A PG&E contractor accused of bribery and fraud during the Camp Fire cleanup had a history of illicit dumping, conflict with regulators and employed a senior manager connected to environmental crimes, according to a new investigation by the Bay City News Foundation and ProPublica.
The investigation was co-published on Tuesday by ProPublica and the Bay City News Foundation.
In February, PG&E CEO William Johnson publicly accused Hayward-based Bay Area Concrete Recycling of defrauding the utility and bribing PG&E employees. Bay Area Concrete’s contract with PG&E was terminated, and the company is under criminal investigation.
Corporate records unearthed by the news organizations reveal new details about the alleged schemes.
They show that while the 2018 fire still burned in Paradise, an attorney for Bay Area Concrete’s owners registered a limited liability company at the business address of another one of the owners’ companies.
Ownership of that new company was later transferred to a PG&E employee who oversaw Bay Area Concrete’s work in Paradise. The employee, Ryan Kooistra, lost his job as PG&E went public with the allegations, according to industry insiders. Kooistra did not respond to attempts to contact him by phone, mail or social media.
Kooistra resigned and his supervisor, superintendent of gas transmission and distribution Ron Huggins, also no longer works at PG&E, according to the news organizations’ investigation. Huggins did not respond to written questions mailed to his home in Auburn.
Kooistra sold his home in California in February and returned to Arizona, where he founded a pool cleaning business in May.
Butte County District Attorney Michael Ramsey confirmed that PG&E contacted his office regarding the allegations and said he is waiting for further information from the utility.
Bay Area Concrete is part of a sprawling network of hauling, recycling and construction companies owned by Bay Area couple Preet Johal and Yadwinder “Kevin” Singh. In 16 years, the pair’s business empire has grown from a single trucking firm to more than a dozen companies operating in 11 cities throughout the West Coast. The couple did not respond to requests for comment via mail, phone, email and social media.
In 2014, the company was connected to an illegal dumping operation on federally protected wetlands in Newark. The site was shut down by police and its operator, James Lucero, was convicted of violations of the federal Clean Water Act. Bay Area Concrete hired a manager of that site, Kevin Olivero, to be its CEO.
The company has had its headquarters in Hayward since 2012, where it operated an unpermitted concrete recycling plant from 2013 until it was shut down last year after years of fighting with the city. Hayward levied nearly $60,000 in fines over that period.
Bay Area Concrete appealed to continue operating, but it was unanimously rejected by the Hayward Planning Commission late in 2018.
“At the end of the day, this is really an illegal business that’s asking to continue operating,” Commissioner Gary Patton said at the meeting, “and it’s been illegal since 2013.”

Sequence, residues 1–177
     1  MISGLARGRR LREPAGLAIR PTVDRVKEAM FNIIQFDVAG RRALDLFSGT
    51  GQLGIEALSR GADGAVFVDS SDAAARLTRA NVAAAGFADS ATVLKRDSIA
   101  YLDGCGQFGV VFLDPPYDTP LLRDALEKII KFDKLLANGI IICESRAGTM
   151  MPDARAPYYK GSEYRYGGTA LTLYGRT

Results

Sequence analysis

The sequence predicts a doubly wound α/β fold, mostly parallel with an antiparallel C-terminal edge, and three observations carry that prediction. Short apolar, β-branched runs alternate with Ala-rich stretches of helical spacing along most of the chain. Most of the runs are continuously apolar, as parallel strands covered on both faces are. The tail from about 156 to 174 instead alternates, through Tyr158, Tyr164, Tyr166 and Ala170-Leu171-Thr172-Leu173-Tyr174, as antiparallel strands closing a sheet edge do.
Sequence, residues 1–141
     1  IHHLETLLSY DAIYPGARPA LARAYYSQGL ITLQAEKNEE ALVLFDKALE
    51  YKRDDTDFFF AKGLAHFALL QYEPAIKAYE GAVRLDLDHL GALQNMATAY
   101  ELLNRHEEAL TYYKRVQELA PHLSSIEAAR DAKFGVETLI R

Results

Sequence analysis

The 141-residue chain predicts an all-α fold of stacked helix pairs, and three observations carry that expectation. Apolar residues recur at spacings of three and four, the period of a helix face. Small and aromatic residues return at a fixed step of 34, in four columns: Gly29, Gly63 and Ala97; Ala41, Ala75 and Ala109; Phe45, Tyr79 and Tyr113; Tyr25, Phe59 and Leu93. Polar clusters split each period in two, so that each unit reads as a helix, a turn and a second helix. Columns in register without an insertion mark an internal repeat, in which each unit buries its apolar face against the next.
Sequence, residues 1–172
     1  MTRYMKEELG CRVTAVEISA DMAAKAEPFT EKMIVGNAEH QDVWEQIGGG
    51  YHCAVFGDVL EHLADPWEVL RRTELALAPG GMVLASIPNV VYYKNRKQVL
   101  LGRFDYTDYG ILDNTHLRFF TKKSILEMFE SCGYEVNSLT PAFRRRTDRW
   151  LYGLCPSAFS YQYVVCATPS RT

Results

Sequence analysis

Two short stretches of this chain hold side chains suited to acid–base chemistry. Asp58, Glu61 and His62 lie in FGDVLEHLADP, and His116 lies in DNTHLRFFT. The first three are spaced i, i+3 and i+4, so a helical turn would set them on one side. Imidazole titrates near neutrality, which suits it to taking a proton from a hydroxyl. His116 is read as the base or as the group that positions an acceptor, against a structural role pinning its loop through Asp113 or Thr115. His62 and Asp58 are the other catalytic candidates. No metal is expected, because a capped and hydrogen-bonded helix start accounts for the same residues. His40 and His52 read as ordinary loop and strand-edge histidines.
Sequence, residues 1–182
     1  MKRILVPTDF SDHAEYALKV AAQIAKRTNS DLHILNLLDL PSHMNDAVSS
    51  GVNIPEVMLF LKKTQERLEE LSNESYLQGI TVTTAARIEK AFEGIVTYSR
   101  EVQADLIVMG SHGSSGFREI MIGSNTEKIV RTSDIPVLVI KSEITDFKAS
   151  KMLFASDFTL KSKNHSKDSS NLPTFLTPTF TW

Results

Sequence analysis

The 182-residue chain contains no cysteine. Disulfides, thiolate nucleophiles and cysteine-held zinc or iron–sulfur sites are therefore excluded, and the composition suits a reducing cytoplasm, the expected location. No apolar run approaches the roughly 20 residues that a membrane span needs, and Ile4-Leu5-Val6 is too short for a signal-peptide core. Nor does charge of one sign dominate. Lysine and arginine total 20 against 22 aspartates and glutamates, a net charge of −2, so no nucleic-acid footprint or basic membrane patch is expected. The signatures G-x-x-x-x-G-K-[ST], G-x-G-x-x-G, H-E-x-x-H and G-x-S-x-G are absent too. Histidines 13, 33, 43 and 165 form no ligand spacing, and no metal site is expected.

In an interview, Bay Area Concrete operations manager Chris Packal argued that there were legitimate differences in opinion over what zoning allowed for the site in Hayward.
“It was definitely a battle with the city the whole time,” Packal said.
Despite that, PG&E then contracted with Bay Area Concrete to play a key role in the cleanup after the Camp Fire. Bay Area Concrete, operating under the name Slurry Waste Solutions, built a specialized disposal facility in Paradise.
The facility processed the slurry waste from hydrovac trucks, special excavation equipment that uses pressurized water to dig around delicate equipment like buried gas lines or cables.
Bay Area Concrete has denied the allegations of fraud and bribery in Paradise. In a letter to PG&E posted to the company’s website, Olivero accused PG&E of falsifying accusations to avoid paying bills as the utility still owes the company a substantial sum.
“It is unfortunate that you decided to terminate our contract without first consulting us or making sure that your purported grounds had merit,” he wrote. “This is in addition to avoiding the significant negative environmental impacts that trucking and processing these materials elsewhere in the state would have caused.”
PG&E bankruptcy filings from March 2019 showed that the utility owed Bay Area Concrete nearly $4 million. Olivero wrote that PG&E owed the company more than $14 million.
In response to a long list of questions, PG&E provided a brief statement that did not directly address how warning signs like the company owners’ long conflict with the city of Hayward and participation in an illegal dumping operation were overlooked.
“PG&E has initiated an internal review to determine why this wasn’t detected earlier, and we will be enhancing our protocols to ensure this doesn’t happen again,” a PG&E spokesperson wrote.
The full investigation is available at ProPublica.org.
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